I don’t typically post things here about deep-space stuff (just to stay on theme) but this was too cool not to share. It’s a visualization of the Universe made from data acquired by the Sloan Digital Sky Survey and shows the locations (and actual images, in most cases) of almost 400,000 galaxies as if we were in a starship soaring among them at many, many times the speed of light. (Without all the bothersome distortion effects of light-speed travel.)
Really, you’re going to want to full-screen this one. (And HD too if you can spare the bandwidth.)
Remember — those points of light aren’t stars; they’re entire galaxies. Each containing several hundred billion stars of their own. Feeling a bit small yet?
But wait: there’s more.
This isn’t even the entire Universe. Far from it — this animation only represents the galaxies out to redshift 0.1. That’s a mere 1.3 billion light-years away from our Solar System… and the Universe as a whole goes on for another twelve and a half billion more light-years. And it’s galaxies all the way down. (Or up. Or out. Whatever.)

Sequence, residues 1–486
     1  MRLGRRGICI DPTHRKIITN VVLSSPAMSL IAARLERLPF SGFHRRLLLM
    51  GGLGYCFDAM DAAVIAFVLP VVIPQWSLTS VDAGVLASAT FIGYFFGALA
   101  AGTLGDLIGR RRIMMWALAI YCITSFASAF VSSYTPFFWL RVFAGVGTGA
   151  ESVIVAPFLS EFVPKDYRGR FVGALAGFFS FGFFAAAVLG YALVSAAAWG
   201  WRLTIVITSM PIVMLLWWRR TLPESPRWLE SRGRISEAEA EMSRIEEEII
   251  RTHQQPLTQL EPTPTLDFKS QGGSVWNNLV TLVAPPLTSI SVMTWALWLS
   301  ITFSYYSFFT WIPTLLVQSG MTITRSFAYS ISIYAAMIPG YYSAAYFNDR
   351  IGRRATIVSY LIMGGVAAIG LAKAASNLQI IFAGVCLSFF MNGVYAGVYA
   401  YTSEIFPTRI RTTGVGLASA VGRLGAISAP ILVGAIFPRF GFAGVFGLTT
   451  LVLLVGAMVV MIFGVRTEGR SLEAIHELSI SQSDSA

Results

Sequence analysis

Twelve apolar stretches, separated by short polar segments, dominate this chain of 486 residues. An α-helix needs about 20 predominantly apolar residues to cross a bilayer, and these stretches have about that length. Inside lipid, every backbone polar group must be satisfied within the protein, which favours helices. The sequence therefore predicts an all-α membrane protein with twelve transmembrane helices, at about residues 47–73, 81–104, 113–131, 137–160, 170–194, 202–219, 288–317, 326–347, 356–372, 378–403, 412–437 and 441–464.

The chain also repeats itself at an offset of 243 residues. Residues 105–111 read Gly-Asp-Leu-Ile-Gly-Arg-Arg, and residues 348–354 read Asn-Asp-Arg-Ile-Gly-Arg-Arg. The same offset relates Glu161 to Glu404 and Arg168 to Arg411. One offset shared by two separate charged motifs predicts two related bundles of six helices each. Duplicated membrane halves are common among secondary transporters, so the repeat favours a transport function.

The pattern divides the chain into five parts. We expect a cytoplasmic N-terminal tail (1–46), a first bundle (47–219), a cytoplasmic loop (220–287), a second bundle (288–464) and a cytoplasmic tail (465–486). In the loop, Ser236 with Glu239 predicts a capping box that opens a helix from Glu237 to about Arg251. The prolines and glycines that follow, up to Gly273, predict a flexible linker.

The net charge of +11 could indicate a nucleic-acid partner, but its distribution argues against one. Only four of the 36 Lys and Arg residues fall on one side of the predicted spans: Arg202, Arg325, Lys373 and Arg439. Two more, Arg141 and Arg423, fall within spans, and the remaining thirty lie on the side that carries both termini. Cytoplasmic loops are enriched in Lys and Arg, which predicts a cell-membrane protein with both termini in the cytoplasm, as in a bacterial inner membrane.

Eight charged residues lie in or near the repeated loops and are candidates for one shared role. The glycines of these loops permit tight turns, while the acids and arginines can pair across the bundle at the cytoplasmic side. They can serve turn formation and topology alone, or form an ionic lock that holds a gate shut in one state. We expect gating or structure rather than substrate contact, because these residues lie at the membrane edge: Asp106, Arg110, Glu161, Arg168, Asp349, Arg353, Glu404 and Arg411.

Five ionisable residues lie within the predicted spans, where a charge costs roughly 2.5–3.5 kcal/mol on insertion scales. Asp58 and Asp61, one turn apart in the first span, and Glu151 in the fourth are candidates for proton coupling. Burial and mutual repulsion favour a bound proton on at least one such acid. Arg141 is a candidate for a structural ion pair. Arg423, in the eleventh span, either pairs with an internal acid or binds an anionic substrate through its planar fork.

Continued research by the Baryon Oscillation Spectroscopic Survey (BOSS) has now mapped the universal structure out to nearly 7 billion light-years… about halfway there, at one percent accuracy to boot.
Let that sink in for a minute and then wonder if we’re alone in the Universe…
This animated flight through the universe was made by Miguel Aragon of Johns Hopkins University with Mark Subbarao of the Adler Planetarium and Alex Szalay of Johns Hopkins.
Source: Berkeley Lab News Center (Aug. 2012 article.)